Another Idea:  Coloring Books For Seniors

 

Boredom in older adults can cause problems, including difficult behavior and depression. And, seniors who have moved in with relatives or into assisted living are more likely to be bored because their lives have changed so much.

 

 

Coloring may sound like a simple activity to ward off boredom, but a great coloring book and a set of coloring pencils can actually improve health!

A research study found that adults 65 or older who engaged in creative activities had better overall health, made fewer visits to the doctor, used less medication, and had fewer health problems. Wow!

It’s also an excellent mood booster and de-stresser – making it a perfect activity for caregivers too!

 

 

 

 

 

Coloring is great activity for seniors to explore their artistic side. These fine art coloring books are lots of fun, even for people who don’t enjoy painting or free-hand drawing.

They’ll get the joy of creating a beautiful work of art with no artistic skills required!

I found some inexpensive, non-childish coloring books seniors will love, with subjects which will interest many older adults.

 

 

 

 

 

 

 

Colored pencils, crayons, or watercolor paint can be used on the high-quality paper. And don’t forget a good quality pencil sharpener!

The pages in adult coloring books are perforated so they’re easy to remove for display.

Also, the lines in the adult coloring books are gray, so they’ll basically disappear after the pictures are colored in, making it look even better.

Your senior will be proud to display their finished artwork.

 

 

 

 

 

Of course, the decision is entirely up to you since you know your older adult best.

 

If you think a therapy doll, a fidget blanket or activity, or coloring might help them feel better and enjoy life more, why not give it a try?

It’s an inexpensive “treatment” with no side effects.

No matter what the activity or toy, just remember that the goal is to engage your older adult in something fun and keep their hands happily occupied.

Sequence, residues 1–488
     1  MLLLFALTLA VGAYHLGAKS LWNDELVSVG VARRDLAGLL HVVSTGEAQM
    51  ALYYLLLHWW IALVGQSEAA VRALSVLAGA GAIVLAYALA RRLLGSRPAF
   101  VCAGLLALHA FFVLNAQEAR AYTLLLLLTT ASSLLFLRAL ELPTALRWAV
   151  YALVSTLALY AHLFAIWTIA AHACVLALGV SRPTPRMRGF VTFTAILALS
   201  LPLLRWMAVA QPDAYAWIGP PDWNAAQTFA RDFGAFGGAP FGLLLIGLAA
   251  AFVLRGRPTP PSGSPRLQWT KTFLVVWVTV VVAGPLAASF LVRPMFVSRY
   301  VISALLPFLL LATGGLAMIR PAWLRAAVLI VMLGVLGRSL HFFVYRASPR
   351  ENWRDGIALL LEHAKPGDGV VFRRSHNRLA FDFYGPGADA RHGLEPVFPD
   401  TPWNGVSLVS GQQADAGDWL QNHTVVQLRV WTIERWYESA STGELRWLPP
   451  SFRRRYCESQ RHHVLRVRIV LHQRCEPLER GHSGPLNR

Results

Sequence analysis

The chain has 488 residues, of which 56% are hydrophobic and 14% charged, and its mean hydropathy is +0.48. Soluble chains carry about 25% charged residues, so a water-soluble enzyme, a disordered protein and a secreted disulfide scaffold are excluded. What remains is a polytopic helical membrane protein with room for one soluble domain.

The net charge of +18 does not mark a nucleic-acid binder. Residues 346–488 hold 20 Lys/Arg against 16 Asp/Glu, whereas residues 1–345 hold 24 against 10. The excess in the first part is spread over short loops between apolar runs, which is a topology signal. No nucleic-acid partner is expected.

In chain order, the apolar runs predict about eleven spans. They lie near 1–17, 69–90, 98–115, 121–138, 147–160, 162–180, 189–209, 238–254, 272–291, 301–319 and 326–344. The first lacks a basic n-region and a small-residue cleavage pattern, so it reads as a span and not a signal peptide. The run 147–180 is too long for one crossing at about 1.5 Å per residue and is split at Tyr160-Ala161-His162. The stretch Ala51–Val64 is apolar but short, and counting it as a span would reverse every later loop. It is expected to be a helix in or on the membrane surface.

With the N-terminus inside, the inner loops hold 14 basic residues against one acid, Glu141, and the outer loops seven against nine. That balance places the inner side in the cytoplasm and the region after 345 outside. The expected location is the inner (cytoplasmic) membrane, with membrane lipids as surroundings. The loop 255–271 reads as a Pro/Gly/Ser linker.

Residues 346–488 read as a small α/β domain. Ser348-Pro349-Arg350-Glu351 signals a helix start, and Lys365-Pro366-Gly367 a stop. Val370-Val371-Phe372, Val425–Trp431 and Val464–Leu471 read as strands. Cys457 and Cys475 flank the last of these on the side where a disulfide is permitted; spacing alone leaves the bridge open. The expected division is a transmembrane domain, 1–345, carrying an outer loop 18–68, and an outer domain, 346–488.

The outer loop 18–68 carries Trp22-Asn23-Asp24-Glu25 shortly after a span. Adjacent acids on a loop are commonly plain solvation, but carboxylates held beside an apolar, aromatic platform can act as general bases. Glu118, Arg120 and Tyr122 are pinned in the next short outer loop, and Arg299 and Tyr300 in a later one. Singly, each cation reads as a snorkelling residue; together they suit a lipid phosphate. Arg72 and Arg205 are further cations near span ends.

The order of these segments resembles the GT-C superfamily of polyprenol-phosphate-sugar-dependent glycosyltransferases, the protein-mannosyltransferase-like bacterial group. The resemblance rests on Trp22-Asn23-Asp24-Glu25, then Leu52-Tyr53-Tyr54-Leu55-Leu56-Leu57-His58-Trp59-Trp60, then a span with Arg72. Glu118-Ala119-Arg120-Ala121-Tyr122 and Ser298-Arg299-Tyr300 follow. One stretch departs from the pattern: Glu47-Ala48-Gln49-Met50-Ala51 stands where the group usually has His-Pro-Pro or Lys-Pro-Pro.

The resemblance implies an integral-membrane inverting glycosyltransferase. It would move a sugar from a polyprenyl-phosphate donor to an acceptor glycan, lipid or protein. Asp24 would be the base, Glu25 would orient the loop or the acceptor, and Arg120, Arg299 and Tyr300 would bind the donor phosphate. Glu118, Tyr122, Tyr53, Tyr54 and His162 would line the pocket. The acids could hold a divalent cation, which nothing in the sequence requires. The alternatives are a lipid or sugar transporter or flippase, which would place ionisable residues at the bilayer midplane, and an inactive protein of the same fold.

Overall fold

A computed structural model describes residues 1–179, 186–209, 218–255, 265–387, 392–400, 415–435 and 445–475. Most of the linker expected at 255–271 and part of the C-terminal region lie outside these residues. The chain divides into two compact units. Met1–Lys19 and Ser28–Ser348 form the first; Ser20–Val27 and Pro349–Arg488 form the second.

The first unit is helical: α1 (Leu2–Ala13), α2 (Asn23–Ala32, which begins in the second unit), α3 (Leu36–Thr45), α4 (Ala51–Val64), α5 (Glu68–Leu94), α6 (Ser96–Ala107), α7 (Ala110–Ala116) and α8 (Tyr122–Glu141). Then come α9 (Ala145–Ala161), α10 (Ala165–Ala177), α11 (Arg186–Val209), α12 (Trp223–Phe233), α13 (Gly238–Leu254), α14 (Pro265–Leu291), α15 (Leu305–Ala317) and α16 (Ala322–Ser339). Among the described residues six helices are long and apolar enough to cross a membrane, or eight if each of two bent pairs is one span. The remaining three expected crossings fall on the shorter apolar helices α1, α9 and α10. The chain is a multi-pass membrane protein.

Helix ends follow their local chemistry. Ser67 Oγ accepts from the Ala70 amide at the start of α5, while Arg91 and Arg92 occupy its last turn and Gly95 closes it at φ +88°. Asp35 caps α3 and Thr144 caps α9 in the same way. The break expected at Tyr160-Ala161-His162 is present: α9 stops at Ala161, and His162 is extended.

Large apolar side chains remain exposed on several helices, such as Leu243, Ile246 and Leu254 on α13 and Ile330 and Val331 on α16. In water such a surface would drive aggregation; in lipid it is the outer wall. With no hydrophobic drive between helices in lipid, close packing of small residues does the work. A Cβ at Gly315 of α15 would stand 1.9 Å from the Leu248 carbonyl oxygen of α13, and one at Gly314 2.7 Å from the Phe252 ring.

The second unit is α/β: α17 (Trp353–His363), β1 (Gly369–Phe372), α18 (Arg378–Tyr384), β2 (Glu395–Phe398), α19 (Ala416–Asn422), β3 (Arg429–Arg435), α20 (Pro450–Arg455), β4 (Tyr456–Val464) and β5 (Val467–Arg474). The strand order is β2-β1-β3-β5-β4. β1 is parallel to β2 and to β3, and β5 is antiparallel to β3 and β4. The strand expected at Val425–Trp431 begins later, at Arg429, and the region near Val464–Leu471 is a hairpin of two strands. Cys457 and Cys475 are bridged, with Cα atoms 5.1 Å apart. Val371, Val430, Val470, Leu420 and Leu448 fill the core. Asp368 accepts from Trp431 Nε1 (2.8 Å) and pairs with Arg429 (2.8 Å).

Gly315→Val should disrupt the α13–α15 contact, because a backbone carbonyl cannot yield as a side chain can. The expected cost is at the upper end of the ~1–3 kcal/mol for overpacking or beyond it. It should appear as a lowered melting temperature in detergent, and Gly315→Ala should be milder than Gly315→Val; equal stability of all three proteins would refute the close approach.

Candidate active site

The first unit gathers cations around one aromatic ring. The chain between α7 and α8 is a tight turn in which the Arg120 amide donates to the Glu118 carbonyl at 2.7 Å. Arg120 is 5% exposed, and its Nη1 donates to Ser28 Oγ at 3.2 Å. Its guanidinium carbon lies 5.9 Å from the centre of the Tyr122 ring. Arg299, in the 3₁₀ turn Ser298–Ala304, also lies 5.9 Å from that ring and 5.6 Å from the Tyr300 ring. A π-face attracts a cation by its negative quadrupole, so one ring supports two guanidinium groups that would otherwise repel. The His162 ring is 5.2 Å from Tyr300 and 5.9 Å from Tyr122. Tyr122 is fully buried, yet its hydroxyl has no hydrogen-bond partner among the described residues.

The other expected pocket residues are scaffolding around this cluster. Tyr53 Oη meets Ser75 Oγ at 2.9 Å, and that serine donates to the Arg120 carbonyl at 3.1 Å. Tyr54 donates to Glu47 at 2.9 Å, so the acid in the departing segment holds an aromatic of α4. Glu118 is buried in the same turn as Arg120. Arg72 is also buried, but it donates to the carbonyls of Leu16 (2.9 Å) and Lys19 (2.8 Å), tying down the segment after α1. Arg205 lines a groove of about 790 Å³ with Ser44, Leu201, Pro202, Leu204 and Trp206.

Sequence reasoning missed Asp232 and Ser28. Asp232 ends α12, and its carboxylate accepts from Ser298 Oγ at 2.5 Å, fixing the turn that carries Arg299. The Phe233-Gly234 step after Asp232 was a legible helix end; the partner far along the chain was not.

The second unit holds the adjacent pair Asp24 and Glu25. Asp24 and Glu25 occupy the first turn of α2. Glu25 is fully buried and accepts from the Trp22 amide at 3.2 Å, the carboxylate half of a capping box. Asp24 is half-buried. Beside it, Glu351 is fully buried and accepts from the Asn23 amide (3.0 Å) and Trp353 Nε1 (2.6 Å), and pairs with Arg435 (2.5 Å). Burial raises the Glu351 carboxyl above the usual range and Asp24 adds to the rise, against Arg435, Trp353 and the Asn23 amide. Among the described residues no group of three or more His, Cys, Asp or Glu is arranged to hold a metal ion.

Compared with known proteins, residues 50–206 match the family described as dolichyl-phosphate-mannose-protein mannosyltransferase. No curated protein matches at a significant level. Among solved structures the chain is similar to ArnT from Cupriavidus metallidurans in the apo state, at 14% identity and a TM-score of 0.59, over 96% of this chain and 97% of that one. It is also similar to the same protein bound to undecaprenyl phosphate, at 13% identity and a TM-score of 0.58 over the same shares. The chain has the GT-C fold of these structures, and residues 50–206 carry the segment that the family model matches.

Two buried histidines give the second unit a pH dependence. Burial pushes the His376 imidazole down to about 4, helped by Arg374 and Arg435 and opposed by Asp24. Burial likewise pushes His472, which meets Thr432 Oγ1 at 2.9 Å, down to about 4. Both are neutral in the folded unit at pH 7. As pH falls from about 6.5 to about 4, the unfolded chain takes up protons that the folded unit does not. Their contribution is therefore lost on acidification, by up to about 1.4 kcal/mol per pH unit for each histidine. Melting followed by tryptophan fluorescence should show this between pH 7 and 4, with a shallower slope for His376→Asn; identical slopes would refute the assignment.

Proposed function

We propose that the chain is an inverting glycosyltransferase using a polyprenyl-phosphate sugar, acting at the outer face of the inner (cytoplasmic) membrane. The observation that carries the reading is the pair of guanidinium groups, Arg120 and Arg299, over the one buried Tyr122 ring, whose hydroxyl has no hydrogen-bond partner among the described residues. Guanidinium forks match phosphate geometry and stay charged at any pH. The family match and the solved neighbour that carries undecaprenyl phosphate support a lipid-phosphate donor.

There’s no right or wrong way to do it and no specific goal to achieve – whatever feels good to them is perfect!

 

 

 

Thoughts, questions, tips?  Feel free to comment below.

 

 

 

 

 

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How to Keep a Dementia Patient Busy and Happy

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Coloring For Adults is a Healthy Hobby

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About Me

Create Your Own Blog

 

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Overcommitted and Burned Out

 

 

 

 

We in the ‘civilized’ Western world have way more to do than is doable.

 

Does the term “overcommitted” fit you?  If you are a caregiver, likely it does.  

 

You probably don’t have time to read this, but I am glad you are.

 

 

 

 

Defining and Studying Overcommitment

 

According to a German study , the term ‘overcommitted’ refers to people who are doing way too much. And more specifically, we also have a high need for approval for the things that we do.

 

We are talking about a type A behavior personality where a person has a lot of ambition, likes to control things, and needs approval too.

 

People who are overcommitted generally try to do much more than is humanly possible, and they use up their all energy in the process, to the point that they can get sick to the point of exhaustion and poor health. In some natural medicine circles, this will lead to what is called ‘adrenal fatigue’, a condition where the adrenal system is working sub optimally.

 

 

Why Overcommitment Is Not Good For You

 

Overcommitment has been shown to lead to a number of issues including:

 

  • depression
  • diabetes
  • sleep problems
  • inflammatory disease (like autoimmune illness) and
  • cardiovascular disease.